With a huge population and a growing middle class, Russia presents ample opportunities for a wide variety of food and beverage products

While there are hundreds of brands and retail-operators in Russia, getting to know the big players is imperative when it comes to breaking into this huge market. In fact, the Financial Times reported in 2015 that Russia’s biggest grocery retailers account for 53% of total food retail sales. Interested in distributing your products to a Russian audience? WorldFood Moscow has profiled the country’s largest grocery chains so you can see which will give your offerings the biggest penetration into the Russian market.

Russia's leading supermarket retailers


Magnit has remained Russia’s leading grocery retail company for the past few years. Just take a look at their financial results. Unaudited figures, taken from Magnit and the London Stock Exchange, showed that 2015 was a strong year for the group. Magnit’s revenue grew from $12.3 billion in 2014 $15.3 billion in 2015. Top line growth peaked at 6.6% .

But what about gross profits? Magnit posted impressive growth overall, leaping 22.81% from 2014’s total of $3.5 billion to hit $4.3 billion in 2015. 2016 is shaping to be another robust year for Magnit, with year-on-year profits hitting $1.2 billion across 2016’s first nine months. Headquartered in Krasnodar, Magnit operates a mixture of hypermarkets, supermarkets and smaller stores across the country. Store penetration is located mostly in the Western regions of Russia but is still relatively under-represented in the Moscow region.

September 2016 saw Magnit reach a total of 13,364 stores nationwide — an increase from 11,388 in 2015 — demonstrating the group’s huge growth.

X5 Retail

Before Magnit’s rapid expansion, the X5 Retail Group were Russia’s grocery kings. Now, they slot into second place with a 6.2%. 2015 was another strong year for the group, posting their best results in four years.

X5’s figures revealed that 2015 revenues grew 27.3% to reach a record high of $13 billion. 2016 has certainly been promising for X5 Retail. A Q3 2016 financial report from the group shows year-on-year sales have grown across the year so far. As of September 2016, X5’s retail sales had grown 27.6%, reaching a total of $11.8 million. X5 trades mainly under two different banners: the core format being the Pyaterocha brand discount stores followed by the supermarket chain Perekrestok. The retail group operates just over 7,000 stores under the above brands, plus Express and Karusel branded-stores, across Russia as of January 2016.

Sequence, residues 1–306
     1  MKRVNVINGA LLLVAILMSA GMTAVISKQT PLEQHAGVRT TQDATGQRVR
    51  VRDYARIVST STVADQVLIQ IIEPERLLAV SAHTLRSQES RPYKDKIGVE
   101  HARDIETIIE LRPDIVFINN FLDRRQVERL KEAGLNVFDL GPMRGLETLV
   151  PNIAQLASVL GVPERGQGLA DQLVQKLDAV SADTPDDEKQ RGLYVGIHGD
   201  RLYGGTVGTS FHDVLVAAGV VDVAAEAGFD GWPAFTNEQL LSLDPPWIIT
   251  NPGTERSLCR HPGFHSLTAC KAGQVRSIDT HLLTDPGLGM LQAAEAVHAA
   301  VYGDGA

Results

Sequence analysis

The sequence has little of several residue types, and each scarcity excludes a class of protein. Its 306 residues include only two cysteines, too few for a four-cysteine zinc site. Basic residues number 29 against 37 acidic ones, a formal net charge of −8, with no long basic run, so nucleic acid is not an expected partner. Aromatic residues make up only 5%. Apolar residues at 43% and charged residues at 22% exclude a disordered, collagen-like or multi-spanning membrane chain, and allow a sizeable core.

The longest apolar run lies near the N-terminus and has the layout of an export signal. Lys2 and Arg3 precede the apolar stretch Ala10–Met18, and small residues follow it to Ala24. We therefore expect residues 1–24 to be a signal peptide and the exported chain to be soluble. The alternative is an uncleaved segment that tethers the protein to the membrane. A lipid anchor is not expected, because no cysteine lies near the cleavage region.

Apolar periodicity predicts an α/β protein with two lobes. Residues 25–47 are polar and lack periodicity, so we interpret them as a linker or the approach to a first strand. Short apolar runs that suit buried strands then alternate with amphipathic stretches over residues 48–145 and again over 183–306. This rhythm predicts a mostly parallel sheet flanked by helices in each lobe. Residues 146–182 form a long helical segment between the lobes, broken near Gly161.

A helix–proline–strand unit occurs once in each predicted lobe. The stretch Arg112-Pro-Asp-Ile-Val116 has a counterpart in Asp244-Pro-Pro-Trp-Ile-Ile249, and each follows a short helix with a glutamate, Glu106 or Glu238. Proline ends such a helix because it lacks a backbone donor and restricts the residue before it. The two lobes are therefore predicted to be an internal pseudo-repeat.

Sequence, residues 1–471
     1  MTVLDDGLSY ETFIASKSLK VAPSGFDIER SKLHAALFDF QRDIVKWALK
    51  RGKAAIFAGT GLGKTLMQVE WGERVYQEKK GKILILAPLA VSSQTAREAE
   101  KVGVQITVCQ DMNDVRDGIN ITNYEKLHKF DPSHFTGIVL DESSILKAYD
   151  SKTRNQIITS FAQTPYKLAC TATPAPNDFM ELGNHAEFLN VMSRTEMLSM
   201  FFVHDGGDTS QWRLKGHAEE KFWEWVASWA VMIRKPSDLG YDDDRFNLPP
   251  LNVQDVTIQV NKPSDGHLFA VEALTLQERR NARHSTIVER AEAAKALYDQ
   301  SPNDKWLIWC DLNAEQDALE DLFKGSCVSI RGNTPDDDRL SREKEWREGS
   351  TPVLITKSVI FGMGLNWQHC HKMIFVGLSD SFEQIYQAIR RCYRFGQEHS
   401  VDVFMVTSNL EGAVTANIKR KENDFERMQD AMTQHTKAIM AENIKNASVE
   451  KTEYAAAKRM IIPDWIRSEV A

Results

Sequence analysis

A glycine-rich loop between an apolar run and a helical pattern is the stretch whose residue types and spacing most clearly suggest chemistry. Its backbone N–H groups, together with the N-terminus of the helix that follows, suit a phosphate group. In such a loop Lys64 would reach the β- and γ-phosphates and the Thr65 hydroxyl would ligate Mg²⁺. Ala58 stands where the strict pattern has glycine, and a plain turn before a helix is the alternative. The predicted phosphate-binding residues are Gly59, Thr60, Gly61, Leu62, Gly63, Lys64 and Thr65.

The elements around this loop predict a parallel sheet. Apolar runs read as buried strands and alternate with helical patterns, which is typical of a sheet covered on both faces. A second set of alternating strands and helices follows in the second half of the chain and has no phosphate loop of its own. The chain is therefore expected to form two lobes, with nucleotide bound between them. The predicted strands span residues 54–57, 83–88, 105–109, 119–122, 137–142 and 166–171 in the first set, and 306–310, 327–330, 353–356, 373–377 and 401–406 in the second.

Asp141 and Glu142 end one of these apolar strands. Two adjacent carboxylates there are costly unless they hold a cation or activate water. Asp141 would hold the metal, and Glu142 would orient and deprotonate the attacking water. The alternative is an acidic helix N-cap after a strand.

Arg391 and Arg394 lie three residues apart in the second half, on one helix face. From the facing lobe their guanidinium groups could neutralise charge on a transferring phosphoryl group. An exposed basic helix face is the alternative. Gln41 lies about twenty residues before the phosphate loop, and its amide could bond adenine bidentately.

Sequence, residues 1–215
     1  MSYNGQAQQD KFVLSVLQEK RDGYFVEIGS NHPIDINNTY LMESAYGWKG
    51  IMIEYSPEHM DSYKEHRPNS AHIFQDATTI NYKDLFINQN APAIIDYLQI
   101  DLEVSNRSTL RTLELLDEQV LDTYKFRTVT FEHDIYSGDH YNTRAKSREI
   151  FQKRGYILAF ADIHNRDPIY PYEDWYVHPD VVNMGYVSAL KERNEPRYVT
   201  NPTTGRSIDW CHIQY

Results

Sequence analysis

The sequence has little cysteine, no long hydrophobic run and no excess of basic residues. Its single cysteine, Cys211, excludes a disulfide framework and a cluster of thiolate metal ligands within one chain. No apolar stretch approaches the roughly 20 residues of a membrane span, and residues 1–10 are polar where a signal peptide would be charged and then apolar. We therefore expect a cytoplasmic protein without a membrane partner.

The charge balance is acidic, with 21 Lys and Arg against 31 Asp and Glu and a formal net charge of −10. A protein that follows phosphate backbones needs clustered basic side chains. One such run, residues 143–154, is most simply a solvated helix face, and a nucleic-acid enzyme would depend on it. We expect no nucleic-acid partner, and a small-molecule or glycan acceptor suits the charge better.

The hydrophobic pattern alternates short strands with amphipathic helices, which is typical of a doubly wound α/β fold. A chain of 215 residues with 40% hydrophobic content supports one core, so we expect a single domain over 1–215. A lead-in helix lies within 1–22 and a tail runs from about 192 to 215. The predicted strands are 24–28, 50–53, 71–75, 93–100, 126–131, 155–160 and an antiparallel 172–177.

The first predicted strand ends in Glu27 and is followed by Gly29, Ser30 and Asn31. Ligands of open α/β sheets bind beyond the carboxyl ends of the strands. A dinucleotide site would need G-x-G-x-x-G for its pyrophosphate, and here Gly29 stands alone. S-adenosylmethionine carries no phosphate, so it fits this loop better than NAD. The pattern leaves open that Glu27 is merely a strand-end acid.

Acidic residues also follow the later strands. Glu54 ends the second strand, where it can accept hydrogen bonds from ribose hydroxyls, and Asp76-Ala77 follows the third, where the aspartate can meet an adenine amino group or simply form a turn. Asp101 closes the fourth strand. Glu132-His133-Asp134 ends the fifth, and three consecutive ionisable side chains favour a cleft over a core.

Dixy Group

As of September 2015, the Dixy Group has the third largest store presence across Russia’s Central, North-West and Volga and Urals regions. A total of 2,603 stores are operated by the group in these areas. Both profits and revenue increased for the group in 2015. This is a trend that can be seen for all of Russia’s major grocery retailers — despite the current embargo on food imports. Revenues saw an increase of 18.9% year-on-year to hit $4.2 billion while total profits increased 14.7% for a grand total of $1.3 million. 408 new stores were opened by the Dixy Group in the first nine months of 2016. Year-on-year profits, revenue and sales also continues to grow as of Q2 2016. Dixy’s earnings during before tax, interest, depreciation and amortization during this period grew 5.6%, reaching $76.2 million, compared with 2015’s results.


St. Petersburg’s Lenta sits in fourth place in Russia’s grocery retailing hierarchy. As of October 2016, Lenta’s store network covers 155 hypermarkets and 42 supermarkets across the breadth of the country. An additional seven, company-owned distribution centres service Lenta’s retail operations. The company has a strong track record of growth and 2016 has not bucked this trend so far.

A statement from Lenta revealed that the company’s sales accelerated across 2016’s first 3 quarters. In monetary terms, this figure stands at $1.2 billion. Total like-for-like sales also grew 4.3% compared with Q3 2015. Lenta are firm believers in the Russian food market and have predicted it to be the biggest in Europe by 2018.

O’key Group

While its headquarters are located in Luxembourg, the O’key Group’s main area of operation is Russia. The company operates 110 stores in a number of Russian cities including Moscow, St. Petersburg, Murmansk, Krasnodar and Volgograd. As part of their retail operations, O’key runs 70 hypermarkets. Much like its larger competitors, O’key enjoyed a period of growth across 2016’s first half. Revenue demonstrated year-on-year growth rates of 10.3% for a total of $1.2 billion. A further 16 new stores were opened across the country, although one hypermarket, four supermarkets and one discount store were closed.

The group also runs its own logistics operation, LLC O’key Logistics, and opened a brand new distribution centre in 2015. Increased ease of product delivery is an important asset to the O’key Group, as it allows the group to rapidly restock and outfit its store network.

Supermarkets weathering Russia’s food storm

Despite the on-going woes of Russia’s food and drink industry, its biggest retail chains are still performing above and beyond expectation. Demonstrable increases in revenue and profits, plus expanding store networks, suggest a certain robustness in Russian food retail operations. If you’re interested in expanding into the Russian market, these five grocery retailers offer the biggest reach for your products. A huge store network, exciting financial growth, and solid distribution networks ensure that these chains are likely to remain top dogs for the foreseeable future.